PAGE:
|Estilo de casa||COOPERATIVAS|
|Información||3 hab, 2 baños, lavadora, secadora|
|Fecha de construcción||1899|
|Sitio web en inglés|
|2 minutos a pie hasta R, W|
|4 minutos a pie hasta B, D, F, M|
|5 minutos a pie hasta 6, C, E|
|8 minutos a pie hasta 1, A|
|9 minutos a pie hasta J, Z, N, Q|
An true artistic collaboration between the accomplished architect Stephen Wanta AIA (of Wanta-Architect PLLC) and the world-renowned photographer, director, and conceptual artist, Michael Somoroff, resulted in one of the most singularly unique lofts to ever come to life in SoHo. Now, for the first time in over 25 years, this work of art is available for purchase.
Conceptually, the loft is a tale of two distinct design periods. The moment you enter the space, you find yourself in the post-modern half of the loft, an exciting world that welcomes you with these spectacular, floor-to-ceiling, sculptural "volumes", with an Italian marmoline finish, all individually assembled and crafted by artisans on-site. These same sculptures flank and create a perimeter around the dining room, providing an outline that separates the kitchen and social area. As you make your way north, you will notice an elevation that brings you up to the living area, a type of stage for the social square set in front of the home's impressive library, a towering wall of shelves filled with books, and a smartly designed home office, nestled quietly on the side.
The birth right qualities of the space are given by the building's impressive 36 foot wide stance,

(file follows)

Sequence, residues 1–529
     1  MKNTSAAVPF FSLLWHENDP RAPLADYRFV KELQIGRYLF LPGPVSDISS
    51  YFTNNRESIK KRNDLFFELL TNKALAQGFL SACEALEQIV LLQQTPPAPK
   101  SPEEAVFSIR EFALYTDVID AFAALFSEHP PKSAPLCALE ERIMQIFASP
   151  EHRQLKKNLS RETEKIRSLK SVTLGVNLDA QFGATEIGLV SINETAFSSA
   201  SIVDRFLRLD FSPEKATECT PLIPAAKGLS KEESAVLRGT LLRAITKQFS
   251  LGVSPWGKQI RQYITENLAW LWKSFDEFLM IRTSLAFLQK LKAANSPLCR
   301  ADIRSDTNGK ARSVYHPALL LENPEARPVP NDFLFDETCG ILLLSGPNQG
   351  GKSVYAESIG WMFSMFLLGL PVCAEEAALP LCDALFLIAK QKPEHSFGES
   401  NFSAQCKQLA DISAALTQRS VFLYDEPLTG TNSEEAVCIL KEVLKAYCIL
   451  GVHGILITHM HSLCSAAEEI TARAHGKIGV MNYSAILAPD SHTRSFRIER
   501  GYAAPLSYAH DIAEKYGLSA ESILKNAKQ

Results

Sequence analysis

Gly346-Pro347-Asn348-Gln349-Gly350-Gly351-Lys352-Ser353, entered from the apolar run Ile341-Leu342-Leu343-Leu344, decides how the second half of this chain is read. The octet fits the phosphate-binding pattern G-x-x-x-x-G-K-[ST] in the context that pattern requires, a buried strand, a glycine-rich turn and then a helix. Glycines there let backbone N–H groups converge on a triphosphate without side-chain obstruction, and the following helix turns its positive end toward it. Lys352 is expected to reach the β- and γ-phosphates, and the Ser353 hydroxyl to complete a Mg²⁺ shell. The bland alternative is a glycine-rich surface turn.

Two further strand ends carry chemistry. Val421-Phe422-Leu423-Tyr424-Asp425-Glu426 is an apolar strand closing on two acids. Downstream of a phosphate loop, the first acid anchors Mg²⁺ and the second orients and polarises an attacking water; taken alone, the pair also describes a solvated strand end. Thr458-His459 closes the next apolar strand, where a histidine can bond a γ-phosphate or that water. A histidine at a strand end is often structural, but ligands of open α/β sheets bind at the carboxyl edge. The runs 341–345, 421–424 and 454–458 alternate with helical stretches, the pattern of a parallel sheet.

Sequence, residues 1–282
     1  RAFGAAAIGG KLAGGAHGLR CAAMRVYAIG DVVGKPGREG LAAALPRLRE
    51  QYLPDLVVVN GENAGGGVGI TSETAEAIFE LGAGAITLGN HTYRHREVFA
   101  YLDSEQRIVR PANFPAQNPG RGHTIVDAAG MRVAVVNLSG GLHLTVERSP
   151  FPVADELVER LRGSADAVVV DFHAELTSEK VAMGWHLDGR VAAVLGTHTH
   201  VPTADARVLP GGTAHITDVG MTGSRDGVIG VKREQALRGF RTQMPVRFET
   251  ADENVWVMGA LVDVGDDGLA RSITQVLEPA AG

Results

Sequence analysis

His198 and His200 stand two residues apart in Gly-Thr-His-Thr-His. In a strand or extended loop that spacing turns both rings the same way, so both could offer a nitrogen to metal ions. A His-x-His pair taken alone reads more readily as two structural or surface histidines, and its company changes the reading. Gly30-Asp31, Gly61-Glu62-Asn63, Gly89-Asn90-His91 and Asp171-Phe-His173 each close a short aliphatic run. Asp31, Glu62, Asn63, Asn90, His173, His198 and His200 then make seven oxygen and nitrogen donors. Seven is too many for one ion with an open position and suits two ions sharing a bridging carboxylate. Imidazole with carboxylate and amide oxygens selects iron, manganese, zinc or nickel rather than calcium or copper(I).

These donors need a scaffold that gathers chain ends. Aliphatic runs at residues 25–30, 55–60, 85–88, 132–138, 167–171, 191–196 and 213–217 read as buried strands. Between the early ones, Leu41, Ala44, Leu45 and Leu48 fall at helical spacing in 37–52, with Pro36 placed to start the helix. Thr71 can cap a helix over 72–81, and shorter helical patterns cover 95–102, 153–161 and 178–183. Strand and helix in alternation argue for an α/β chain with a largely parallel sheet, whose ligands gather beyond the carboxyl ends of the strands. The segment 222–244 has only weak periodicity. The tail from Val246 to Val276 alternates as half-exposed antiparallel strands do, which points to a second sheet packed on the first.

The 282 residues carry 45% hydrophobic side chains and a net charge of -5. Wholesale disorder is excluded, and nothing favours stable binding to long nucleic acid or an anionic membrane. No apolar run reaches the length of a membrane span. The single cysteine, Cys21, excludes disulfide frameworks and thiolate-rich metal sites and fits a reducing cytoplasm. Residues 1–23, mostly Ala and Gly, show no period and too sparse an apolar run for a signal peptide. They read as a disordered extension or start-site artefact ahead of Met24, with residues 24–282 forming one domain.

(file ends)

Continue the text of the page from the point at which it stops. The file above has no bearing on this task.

and its 13' 3" ceiling height, usher in the kind of light that artists treasure, through the row of six wood-framed windows, which reach the partly exposed original wooden beams in the ceiling. This is when you will notice a dance (through time) that's happening. Ten playful ribbons, which Mr. Somoroff calls 'stratas', create a linear pathway that you can visibly trace with your eyes, and watch them as they connect back to those sculptural volumes. These stratas expand beyond the frame of the loft, in all directions, giving them a geological character.
Now head south, and walk toward the back of the space, where the sleeping quarters are located. You are now in the more classical, or orthogonal, style of the loft. The primary bedroom and secondary bedrooms have en suite bathrooms, while a third lofted bedroom is perched above.
112 Prince street is a Cast Iron, six-story, landmark building that was constructed in 1899 by Richard Berger, in a neo-Grec style.
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